Display Settings:

Format

Send to:

Choose Destination
We are sorry, but NCBI web applications do not support your browser and may not function properly. More information
Nature. 2003 Nov 27;426(6965):419-21.

The formation of the Kuiper belt by the outward transport of bodies during Neptune's migration.

Author information

  • 1Southwest Research Institute, Boulder, Colorado 80302, USA. hal@boulder.swri.edu

Abstract

The 'dynamically cold Kuiper belt' consists of objects on low-inclination orbits between approximately 40 and approximately 50 au from the Sun. It currently contains material totalling less than a tenth the mass of the Earth, which is surprisingly low because, according to accretion models, the objects would not have grown to their present size unless the cold Kuiper belt originally contained tens of Earth masses of solids. Although several mechanisms have been proposed to produce the observed mass depletion, they all have significant limitations. Here we show that the objects currently observed in the dynamically cold Kuiper belt were most probably formed within approximately 35 au and were subsequently pushed outward by Neptune's 1:2 mean motion resonance during its final phase of migration. Combining our mechanism with previous work, we conclude that the entire Kuiper belt formed closer to the Sun and was transported outward during the final stages of planet formation.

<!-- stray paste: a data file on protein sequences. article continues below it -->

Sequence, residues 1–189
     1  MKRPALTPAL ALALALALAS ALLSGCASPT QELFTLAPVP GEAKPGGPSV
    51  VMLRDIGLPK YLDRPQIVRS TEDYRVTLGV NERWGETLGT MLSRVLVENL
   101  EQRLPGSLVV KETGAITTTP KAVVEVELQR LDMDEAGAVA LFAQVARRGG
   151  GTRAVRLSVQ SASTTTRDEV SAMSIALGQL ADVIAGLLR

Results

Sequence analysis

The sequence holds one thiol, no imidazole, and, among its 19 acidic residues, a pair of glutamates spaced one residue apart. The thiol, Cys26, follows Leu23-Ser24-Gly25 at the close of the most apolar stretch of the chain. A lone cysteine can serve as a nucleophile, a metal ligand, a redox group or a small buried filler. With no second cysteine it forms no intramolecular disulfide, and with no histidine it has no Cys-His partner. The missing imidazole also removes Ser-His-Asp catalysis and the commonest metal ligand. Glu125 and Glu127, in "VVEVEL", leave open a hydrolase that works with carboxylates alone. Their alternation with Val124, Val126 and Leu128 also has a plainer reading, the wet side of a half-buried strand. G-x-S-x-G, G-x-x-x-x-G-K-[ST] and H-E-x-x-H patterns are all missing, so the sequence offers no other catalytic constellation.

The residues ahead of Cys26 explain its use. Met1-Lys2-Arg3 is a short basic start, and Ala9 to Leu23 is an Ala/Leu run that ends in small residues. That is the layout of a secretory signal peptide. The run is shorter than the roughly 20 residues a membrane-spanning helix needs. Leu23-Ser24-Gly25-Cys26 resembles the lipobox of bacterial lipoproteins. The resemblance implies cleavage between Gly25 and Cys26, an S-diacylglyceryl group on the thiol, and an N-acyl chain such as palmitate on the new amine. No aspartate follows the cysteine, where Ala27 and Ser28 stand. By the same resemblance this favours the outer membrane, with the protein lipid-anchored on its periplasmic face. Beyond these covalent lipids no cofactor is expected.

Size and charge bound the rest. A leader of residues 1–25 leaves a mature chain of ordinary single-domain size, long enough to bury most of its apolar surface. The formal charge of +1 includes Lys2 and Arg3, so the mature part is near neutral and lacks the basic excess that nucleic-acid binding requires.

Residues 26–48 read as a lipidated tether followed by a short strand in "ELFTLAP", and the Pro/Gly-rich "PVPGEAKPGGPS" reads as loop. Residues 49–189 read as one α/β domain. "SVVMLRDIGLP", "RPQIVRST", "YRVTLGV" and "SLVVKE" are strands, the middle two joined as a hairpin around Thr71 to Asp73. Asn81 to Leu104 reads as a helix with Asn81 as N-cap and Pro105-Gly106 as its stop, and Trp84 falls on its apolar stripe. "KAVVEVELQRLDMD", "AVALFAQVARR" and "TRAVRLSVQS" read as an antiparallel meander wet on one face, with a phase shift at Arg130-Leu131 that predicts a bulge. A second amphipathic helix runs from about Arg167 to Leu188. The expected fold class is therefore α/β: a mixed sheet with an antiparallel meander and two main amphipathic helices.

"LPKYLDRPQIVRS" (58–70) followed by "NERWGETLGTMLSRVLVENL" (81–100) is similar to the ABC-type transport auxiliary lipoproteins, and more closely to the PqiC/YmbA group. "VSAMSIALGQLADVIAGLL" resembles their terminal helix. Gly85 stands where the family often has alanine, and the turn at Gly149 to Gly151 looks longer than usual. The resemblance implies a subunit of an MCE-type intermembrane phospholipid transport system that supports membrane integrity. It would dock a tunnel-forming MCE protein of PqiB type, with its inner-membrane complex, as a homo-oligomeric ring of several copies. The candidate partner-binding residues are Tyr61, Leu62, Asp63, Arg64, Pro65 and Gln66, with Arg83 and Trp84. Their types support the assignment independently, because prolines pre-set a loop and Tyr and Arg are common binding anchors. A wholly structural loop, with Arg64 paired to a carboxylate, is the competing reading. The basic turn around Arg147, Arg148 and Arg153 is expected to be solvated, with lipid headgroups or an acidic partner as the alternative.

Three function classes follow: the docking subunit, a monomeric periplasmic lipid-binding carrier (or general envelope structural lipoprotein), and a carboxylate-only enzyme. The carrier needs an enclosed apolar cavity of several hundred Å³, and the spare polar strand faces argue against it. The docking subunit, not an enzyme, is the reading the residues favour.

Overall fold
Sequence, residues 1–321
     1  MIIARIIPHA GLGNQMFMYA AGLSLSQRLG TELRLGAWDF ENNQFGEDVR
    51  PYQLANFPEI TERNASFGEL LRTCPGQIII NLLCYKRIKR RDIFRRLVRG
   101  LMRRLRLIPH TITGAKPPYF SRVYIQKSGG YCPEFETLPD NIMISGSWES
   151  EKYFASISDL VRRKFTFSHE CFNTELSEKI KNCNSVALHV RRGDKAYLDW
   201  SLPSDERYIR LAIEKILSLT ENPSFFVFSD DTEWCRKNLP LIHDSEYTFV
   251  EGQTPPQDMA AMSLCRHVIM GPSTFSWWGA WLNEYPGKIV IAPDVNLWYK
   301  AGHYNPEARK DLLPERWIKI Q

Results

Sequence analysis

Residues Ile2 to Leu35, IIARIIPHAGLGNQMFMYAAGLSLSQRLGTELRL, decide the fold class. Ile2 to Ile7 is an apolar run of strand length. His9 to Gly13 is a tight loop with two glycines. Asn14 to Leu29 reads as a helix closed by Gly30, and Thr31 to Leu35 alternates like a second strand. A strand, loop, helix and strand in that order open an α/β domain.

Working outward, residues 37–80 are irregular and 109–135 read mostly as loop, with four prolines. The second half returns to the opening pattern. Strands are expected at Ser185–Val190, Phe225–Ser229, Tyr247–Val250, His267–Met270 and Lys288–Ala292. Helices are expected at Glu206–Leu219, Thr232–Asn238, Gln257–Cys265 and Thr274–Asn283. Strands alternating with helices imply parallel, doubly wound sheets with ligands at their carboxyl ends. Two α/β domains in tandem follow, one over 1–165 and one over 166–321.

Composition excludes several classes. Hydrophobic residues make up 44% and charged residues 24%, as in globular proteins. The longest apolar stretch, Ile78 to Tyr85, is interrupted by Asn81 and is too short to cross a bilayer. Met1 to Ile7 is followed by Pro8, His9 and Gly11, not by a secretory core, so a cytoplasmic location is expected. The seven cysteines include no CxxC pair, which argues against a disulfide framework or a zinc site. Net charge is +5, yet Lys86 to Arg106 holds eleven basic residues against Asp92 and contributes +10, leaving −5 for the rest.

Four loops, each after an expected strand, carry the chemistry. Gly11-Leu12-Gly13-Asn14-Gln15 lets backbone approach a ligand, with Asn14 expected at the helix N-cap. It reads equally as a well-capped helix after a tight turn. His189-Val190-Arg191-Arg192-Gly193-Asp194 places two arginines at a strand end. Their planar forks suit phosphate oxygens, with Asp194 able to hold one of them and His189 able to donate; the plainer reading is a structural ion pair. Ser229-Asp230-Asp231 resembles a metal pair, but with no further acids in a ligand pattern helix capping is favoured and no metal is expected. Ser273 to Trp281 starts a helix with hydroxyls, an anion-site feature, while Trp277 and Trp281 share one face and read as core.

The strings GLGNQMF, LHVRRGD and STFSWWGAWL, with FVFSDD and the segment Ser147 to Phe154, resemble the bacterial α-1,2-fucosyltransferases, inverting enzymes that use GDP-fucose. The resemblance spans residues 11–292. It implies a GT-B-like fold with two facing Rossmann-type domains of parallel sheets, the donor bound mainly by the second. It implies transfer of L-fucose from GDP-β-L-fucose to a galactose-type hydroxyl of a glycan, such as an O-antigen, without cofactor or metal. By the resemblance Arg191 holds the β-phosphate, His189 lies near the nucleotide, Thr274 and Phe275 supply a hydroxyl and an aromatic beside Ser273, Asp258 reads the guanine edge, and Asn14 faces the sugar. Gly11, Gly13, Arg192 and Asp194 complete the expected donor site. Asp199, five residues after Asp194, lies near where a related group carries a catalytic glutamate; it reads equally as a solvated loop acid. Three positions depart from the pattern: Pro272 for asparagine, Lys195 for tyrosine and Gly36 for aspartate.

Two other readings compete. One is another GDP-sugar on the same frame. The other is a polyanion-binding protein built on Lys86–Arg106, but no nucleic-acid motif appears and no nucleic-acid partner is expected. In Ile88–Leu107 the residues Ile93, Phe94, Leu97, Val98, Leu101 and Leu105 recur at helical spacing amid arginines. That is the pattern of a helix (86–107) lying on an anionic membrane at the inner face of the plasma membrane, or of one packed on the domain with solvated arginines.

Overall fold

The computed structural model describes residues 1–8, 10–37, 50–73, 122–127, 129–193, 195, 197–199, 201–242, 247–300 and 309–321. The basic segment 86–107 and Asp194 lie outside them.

Comment in

PMID:
14647375
[PubMed]
PubMed Commons home

PubMed Commons

0 comments
How to join PubMed Commons

    Supplemental Content

    Full text links

    Icon for Nature Publishing Group
    Loading ...
    Write to the Help Desk